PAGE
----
Poems of Meng Jiao
Old Hunan Bamboo
(For Duke Lu Qianduan who sang A Musical Hunan Lament with me.)
You firmly grasp the new sound of
Old Hunan Bamboo which the people have yet to hear.
What do we call those who know this sound?
On this clear night, I play it for you.
Once upon a time, along this Hunan river
There floated a Hunan river cloud.
With a shout, he changed into a phoenix, then
Suddenly he was a crane without a flock.
In autumn, the river flowers did not fall.
The mountain sunlight darkened at midday.
The corrupted people cried out in a tumult.
Our lonely cloud longed for the spirit of harmony.
I almost feel our resentment is tangible.
I want to turn to those who are our friends.
I weep in sympathy for the good man who chose death.
These thousand years this Hunan river has flowed on.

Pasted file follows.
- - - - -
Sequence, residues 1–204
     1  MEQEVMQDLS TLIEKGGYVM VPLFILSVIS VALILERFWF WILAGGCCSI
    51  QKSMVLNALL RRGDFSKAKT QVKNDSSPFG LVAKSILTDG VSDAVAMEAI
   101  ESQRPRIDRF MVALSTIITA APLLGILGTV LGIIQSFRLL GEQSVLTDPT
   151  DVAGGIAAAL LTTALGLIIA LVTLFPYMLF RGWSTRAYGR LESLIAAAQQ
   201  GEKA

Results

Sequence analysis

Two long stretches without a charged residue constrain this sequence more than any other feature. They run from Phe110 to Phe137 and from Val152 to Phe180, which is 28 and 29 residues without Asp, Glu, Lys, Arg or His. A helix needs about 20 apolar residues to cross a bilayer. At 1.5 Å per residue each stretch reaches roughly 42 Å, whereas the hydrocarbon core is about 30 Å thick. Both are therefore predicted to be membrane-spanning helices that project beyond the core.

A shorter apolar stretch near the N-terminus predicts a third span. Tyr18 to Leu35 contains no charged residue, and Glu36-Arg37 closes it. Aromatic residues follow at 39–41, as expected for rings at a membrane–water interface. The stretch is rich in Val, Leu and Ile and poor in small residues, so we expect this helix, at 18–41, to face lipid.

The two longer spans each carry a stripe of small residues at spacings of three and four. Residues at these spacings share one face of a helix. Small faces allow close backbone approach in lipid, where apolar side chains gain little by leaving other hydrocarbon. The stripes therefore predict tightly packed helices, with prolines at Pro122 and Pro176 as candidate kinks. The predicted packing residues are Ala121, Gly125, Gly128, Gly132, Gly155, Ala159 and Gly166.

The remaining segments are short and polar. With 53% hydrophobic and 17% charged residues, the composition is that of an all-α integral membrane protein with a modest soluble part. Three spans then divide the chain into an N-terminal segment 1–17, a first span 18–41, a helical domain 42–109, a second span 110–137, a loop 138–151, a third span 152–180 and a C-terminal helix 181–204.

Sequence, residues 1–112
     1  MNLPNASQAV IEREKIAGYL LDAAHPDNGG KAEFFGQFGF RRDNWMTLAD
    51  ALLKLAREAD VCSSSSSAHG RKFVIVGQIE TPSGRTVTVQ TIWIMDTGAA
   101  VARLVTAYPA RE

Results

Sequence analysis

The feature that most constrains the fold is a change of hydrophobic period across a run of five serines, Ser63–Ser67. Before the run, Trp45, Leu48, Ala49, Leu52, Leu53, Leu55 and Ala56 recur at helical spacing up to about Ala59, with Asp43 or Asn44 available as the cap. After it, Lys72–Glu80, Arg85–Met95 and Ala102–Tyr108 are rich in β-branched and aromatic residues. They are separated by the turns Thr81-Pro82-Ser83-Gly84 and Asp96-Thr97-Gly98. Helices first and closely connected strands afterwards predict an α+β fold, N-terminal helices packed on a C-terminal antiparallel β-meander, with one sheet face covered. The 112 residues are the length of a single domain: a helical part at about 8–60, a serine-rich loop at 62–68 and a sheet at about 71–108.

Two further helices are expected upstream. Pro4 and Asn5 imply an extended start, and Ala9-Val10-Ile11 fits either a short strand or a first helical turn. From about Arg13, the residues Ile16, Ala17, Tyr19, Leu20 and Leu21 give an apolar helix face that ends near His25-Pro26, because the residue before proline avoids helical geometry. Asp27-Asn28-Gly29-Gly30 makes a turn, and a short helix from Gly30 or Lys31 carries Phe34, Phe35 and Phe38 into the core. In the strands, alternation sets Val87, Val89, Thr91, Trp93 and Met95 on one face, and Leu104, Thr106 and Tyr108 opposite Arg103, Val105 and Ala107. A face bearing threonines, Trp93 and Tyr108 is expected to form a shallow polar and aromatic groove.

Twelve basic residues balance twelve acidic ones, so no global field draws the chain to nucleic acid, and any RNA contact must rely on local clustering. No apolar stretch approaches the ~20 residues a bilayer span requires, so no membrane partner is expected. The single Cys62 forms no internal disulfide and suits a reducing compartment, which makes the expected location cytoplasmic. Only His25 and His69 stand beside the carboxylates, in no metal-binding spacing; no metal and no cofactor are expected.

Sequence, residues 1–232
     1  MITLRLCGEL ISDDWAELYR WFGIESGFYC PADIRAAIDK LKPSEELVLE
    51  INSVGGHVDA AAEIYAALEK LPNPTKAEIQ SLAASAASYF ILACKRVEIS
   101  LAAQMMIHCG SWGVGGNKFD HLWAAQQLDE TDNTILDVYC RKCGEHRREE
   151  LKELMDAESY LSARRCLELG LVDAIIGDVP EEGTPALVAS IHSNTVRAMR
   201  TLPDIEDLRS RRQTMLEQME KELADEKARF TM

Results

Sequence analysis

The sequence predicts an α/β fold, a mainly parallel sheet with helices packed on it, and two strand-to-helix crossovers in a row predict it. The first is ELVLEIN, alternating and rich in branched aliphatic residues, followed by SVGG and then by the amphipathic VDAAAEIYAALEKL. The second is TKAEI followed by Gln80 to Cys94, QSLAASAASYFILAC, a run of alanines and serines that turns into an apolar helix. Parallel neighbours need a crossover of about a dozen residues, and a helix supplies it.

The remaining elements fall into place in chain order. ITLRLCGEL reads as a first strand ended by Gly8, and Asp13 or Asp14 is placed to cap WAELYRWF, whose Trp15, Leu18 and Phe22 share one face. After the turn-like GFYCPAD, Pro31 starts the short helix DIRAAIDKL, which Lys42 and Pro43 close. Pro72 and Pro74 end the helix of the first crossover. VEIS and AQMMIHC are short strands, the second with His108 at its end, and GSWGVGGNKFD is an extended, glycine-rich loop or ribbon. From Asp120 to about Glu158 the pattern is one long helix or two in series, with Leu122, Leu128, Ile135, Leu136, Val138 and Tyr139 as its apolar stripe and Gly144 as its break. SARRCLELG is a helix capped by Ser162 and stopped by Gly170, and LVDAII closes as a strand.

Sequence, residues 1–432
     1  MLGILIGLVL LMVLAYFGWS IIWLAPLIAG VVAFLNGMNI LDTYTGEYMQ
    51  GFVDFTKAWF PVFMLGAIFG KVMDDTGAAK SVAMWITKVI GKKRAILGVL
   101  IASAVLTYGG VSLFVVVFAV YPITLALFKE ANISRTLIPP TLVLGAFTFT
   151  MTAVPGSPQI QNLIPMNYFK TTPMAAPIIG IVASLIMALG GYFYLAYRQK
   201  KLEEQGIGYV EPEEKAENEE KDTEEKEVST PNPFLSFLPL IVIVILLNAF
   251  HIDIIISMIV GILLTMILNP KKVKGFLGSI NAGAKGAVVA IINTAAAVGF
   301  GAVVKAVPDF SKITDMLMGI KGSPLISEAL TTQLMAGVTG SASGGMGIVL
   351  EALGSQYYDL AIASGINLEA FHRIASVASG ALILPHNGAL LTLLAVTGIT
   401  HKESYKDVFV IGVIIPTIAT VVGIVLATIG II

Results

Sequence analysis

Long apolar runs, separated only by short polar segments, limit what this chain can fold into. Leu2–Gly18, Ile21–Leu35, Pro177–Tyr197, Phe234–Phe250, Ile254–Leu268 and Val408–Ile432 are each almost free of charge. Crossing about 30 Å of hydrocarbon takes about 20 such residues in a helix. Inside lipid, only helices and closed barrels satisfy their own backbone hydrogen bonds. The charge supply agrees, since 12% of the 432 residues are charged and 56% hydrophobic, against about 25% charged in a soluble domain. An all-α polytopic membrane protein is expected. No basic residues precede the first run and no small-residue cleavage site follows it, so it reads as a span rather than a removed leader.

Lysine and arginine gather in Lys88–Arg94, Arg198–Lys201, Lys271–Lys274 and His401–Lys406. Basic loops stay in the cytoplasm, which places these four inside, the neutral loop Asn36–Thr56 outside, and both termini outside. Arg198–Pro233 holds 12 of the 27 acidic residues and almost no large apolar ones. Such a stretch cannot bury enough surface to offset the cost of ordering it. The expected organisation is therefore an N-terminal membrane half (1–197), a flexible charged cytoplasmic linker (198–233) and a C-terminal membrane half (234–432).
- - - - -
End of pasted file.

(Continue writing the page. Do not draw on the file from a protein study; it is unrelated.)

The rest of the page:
So Meng Jiao was singing the last poem and he wasn't singing alone. Let's make some guesses here. He's in Hunan and still in his wandering years. But he has become known as a poet to the extent that dukes will join him in singing his poetry. So he's at least in his thirties. So Dezong is emperor. He is in his second phase of his reign where he is struggling with rebellious circuit governors and alienating his own generals and troops. So the empire is descending into a mess of strife and factions. What I translate here as "Old Hunan" is the earlier kingdom of that region, Chu (楚) and the Hunan river in both poems is the Xiaoxiang or Xiang, except this Xiang can mean the river or Hunan itself. The man who chose death in both poems is Qu Yuan (aka Ling Jun (灵均) in the poems) whose suicide on the fifth day of the fifth month of 278 BC has long been celebrated as the Dragon Boat Festival. Our cloud who became an phoenix and then a crane could be a Daoist who became an emperor and then lost power during the Chu. But this is just a guess based on the symbolism involved. And without more data, the combinatorics of symbolism will lead us astray. Clearly, Meng Jiao and his duke know who it is.